Wisdom teeth

It has become a rite of passage. In your senior years of high school, out come your wisdom teeth and on come the braces. All for your pearly whites! Unfortunately my teeth have always been “straight enough” and getting braces would have been a waste of money!

A few months back at a routine checkup my dentist takes an X-ray of my teeth after I suspect I need fillings. I was right – I had three cavities and needed fillings! Out of curiosity I have a look at the X-ray. To my alarm, there appears to be some teeth lying horizontally! I learn that these are my wisdom teeth and my dentist recommends that they be removed.

I schedule an appointment with an oral surgeon. After a panoramic X-ray scan, the news is not good. All four wisdom teeth removed and the ones in the lower jaw are very close to the inferior alveolar nerve. Accordingly, the surgeon tells me that in my case, there is a much higher chance of nerve damage, with the potential to lose feeling to my lips and chin! He recommends that I leave the lower wisdom teeth in.

Upset, I rush back home and do some research of my own. I trawl through the web looking at gory Youtube videos of wisdom teeth removal and read of horror stories of operations gone horribly wrong. I worry myself sick with the prospect of having nerve damage post-operation. Although my teeth are not troubling me, I read that horizontally impacted like mine usually cause problems down the track. I also read that the likelihood of complications increases with age. Later on in life the teeth are harder to remove (they have fully developed), the jaw bone is a lot harder and takes longer to heal.

I decide it is best to get a second opinion. Fortunately, one of my colleagues knows of a really good surgeon. He makes an introduction and I am booked into another consult. This time a more advanced X-ray scan is done – a Cone Beam CT. I meet the surgeon who shows me the scan. A few clicks later the software highlights the nerve and gives a 3D rendering of where it runs in relation to the impacted teeth. It is close – quite possibly touches – but he assures me that there will be a low risk of nerve damage. He is also a very experienced surgeon and hasn’t had a patient with nerve damage. This is comforting news.

I bite the bullet. Surgery is scheduled for 8:30am, Tuesday 4th November 2014!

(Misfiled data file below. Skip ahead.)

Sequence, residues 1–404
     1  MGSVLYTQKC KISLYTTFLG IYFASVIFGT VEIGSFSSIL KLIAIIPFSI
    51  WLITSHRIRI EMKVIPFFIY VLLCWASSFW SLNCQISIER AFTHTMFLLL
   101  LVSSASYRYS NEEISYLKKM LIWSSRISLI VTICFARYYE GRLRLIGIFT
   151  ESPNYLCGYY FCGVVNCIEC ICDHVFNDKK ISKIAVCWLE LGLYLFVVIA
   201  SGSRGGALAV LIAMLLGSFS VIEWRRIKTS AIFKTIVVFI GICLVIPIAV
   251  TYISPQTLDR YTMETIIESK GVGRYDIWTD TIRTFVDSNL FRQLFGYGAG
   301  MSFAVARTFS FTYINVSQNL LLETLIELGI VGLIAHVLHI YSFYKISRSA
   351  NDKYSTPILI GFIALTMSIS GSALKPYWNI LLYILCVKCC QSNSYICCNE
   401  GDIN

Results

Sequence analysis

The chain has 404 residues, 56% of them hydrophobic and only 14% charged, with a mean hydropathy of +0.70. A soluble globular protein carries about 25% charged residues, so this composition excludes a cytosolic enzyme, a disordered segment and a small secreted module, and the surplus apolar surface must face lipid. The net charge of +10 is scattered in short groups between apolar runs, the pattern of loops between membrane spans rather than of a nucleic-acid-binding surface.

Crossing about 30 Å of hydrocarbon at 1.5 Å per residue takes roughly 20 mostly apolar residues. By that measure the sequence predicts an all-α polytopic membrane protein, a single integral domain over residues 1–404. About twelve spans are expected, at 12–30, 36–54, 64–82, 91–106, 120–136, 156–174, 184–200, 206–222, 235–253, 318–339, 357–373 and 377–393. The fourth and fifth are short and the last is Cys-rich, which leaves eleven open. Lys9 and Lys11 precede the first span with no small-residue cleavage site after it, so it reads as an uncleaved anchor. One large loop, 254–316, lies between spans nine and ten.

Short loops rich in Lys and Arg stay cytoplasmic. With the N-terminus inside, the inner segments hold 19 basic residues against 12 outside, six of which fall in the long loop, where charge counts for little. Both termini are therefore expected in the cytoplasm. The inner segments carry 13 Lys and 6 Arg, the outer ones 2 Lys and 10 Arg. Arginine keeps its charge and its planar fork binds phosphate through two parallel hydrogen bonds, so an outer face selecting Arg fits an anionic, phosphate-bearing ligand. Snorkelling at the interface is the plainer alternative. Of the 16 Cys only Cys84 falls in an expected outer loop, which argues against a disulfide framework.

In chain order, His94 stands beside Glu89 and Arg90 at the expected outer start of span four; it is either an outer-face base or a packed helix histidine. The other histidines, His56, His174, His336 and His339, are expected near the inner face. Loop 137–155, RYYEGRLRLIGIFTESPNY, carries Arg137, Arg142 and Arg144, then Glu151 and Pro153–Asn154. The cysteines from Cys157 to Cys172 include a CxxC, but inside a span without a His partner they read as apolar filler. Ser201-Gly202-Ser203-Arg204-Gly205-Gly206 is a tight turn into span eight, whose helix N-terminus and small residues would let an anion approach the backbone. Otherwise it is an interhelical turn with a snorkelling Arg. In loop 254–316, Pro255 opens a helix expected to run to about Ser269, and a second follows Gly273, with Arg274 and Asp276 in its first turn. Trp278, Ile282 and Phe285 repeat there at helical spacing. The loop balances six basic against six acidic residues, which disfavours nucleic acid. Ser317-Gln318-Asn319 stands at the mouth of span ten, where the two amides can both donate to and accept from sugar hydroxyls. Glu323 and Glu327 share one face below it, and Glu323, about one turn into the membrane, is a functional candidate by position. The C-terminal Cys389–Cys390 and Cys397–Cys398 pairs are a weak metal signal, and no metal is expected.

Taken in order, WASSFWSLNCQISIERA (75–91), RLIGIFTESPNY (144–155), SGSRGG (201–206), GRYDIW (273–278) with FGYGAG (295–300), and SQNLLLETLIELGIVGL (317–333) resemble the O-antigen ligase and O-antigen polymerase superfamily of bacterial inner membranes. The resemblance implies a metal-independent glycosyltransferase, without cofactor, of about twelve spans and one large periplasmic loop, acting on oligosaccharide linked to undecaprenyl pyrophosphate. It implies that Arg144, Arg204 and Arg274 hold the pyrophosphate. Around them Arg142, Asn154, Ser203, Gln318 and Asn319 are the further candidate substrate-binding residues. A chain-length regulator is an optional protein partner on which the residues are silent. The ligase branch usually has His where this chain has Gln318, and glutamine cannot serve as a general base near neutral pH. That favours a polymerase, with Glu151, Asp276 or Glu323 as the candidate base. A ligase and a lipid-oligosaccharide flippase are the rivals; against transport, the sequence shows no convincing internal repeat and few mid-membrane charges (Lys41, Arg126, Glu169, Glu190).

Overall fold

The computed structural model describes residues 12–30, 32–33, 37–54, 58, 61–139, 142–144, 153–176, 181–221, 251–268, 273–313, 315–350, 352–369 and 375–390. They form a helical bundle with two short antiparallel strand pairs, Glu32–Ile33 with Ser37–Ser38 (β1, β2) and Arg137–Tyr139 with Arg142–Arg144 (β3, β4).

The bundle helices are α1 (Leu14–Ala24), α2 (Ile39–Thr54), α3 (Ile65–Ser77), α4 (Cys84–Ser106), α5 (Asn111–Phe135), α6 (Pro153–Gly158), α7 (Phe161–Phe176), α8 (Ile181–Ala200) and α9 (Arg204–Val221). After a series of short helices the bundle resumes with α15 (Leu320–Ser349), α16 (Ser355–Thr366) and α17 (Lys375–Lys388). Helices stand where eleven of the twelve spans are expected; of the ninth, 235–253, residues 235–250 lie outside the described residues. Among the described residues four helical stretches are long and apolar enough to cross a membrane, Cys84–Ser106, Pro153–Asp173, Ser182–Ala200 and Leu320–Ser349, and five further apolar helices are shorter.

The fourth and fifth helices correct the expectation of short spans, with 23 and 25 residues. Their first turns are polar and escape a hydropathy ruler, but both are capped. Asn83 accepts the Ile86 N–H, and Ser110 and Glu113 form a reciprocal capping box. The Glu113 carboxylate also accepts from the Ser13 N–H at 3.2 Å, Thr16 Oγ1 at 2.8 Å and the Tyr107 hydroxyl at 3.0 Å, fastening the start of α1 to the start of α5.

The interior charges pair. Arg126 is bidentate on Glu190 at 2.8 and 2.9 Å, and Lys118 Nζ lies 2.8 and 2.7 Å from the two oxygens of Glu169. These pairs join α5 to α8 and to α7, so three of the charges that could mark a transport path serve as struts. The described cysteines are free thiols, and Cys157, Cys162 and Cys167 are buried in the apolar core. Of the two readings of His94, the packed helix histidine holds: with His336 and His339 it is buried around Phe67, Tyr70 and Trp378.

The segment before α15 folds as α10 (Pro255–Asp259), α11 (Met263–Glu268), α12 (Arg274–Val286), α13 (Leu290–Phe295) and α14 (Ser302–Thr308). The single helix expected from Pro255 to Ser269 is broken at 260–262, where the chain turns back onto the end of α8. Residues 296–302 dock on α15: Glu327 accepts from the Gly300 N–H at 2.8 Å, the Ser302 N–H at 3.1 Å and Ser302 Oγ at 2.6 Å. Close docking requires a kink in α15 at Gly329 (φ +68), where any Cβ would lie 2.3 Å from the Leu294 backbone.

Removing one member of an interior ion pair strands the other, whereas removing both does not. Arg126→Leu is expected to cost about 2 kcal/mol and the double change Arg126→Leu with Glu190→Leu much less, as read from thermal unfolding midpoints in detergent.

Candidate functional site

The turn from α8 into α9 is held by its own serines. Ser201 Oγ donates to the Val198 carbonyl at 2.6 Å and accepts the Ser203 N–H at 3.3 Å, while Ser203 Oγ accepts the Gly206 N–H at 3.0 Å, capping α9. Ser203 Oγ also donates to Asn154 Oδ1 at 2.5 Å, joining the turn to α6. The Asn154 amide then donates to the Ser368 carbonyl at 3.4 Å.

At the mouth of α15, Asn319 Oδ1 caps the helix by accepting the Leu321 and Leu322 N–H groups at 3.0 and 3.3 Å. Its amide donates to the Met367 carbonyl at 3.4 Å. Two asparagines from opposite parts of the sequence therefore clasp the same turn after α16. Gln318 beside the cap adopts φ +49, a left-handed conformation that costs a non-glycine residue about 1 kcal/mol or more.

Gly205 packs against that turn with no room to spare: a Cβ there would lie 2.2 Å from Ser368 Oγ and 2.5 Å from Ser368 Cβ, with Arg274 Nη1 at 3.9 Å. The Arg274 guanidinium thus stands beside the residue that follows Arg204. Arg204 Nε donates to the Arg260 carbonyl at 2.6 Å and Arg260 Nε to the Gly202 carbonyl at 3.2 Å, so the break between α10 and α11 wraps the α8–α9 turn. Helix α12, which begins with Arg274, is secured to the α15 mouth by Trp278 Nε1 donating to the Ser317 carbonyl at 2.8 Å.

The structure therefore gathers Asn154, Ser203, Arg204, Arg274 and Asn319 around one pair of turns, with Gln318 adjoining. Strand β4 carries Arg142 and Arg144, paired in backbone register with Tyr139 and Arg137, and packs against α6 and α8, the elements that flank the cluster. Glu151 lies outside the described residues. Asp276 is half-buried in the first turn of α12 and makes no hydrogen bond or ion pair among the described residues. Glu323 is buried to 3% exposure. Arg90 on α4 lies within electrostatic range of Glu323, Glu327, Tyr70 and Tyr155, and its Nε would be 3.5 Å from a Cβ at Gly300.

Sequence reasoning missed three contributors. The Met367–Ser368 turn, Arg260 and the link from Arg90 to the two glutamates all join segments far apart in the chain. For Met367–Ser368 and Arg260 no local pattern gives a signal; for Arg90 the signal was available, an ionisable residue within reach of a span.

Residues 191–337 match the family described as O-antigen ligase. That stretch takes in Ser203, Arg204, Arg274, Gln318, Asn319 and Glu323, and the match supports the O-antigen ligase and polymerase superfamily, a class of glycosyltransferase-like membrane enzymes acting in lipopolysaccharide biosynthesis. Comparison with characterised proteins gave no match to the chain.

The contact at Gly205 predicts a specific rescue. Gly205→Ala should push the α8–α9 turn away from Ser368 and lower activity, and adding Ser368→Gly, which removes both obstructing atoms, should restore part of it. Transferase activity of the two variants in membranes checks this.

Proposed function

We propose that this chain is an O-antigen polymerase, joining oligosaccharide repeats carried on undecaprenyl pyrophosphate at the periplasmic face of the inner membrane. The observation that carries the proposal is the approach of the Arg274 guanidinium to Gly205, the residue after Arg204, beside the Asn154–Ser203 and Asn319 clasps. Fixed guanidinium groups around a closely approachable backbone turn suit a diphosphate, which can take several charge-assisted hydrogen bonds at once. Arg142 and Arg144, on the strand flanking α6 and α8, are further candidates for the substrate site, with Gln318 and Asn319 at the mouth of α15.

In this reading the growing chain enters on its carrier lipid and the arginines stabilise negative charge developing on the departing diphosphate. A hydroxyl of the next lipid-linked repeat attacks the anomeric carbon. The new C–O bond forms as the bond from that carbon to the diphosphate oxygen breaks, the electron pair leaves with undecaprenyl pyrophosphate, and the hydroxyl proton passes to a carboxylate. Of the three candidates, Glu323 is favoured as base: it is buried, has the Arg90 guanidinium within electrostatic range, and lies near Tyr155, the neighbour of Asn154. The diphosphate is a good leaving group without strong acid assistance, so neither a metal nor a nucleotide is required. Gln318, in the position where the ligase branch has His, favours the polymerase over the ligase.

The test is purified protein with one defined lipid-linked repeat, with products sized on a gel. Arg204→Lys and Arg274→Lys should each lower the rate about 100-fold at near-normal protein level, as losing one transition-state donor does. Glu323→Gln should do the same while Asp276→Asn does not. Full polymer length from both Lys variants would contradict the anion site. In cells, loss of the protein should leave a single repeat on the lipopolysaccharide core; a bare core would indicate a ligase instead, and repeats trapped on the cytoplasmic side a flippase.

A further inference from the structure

Since the operation is to be under general anesthetic, it is imperative that I have a caregiver pick me up after the surgery and be supervised for the following 24 hours. My colleague Grant generously offers to pick me up after the surgery and his parents even more generously offer me a bed at their place while I recover! I graciously accept their generosity!

Tuesday dawns and I catch the bus down to the clinic. Suddenly I find myself in the operating chair. An IV is attached to my left forearm and I soon fall asleep.

I awake with a mouth full of gauze mats and a couple of ice packs strapped to my face. Dizzy and disorientated, I start asking a lot of questions: was there any nerve damage? How many wisdom teeth were removed? How long have I been in recovery? Can I have a copy of the Cone Beam CT scan? The nurse advises me to stop talking and bite on the gauze. Persistent in my way, I ask for a notepad and continue my inquisition. Apparently I am the first she’s seen that asks for a notepad in recovery! My surgeon returns who confirms the surgery went well, gives me a CD of the scans and a small container bearing my wisdom teeth! Once the IV containing 100mg of Tramal has been consumed, we leave the clinic.

En route to his parents place, Grant picks up my prescription medication – painkillers (Panadol and Tramal), anti-inflammatories (Tilcotil) and antibiotics (Co-trimoxazole). I unpack my belongings and Grant’s parents place and rest upright on the couch. I later make my way to the bed and take a brief nap. I wake and spend the rest of the day in the lounge watching television, talking to Grant’s parents (Graeme and Margaret), and looking at photo albums!

My mouth starts to swell and by the second day my slender jaw line becomes flush with my cheekbones! Feeling slowly is restored to my lower face and I’m relieved that I have suffered no nerve damage. With curiosity, I maneuver my tongue to back of my mouth and ‘feel’ the wounds. I can feel the four sites where the wisdom teeth were removed.

It is now Wednesday and Graeme and Margaret note my perkiness and were surprised by my speedy recovery. One of the benefits of being fit! A meager 35 hours after the operation, I even find me playing indoor soccer!

Grant picks me up from Graeme and Margaret’s place Thursday morning. After two days off, I am back at work (albeit with a half day resume). Back at the flat, I explore the Cone Beam CT scan and manage to replicate the tooth-nerve rendering I recall the surgeon showing me. Fascinating stuff!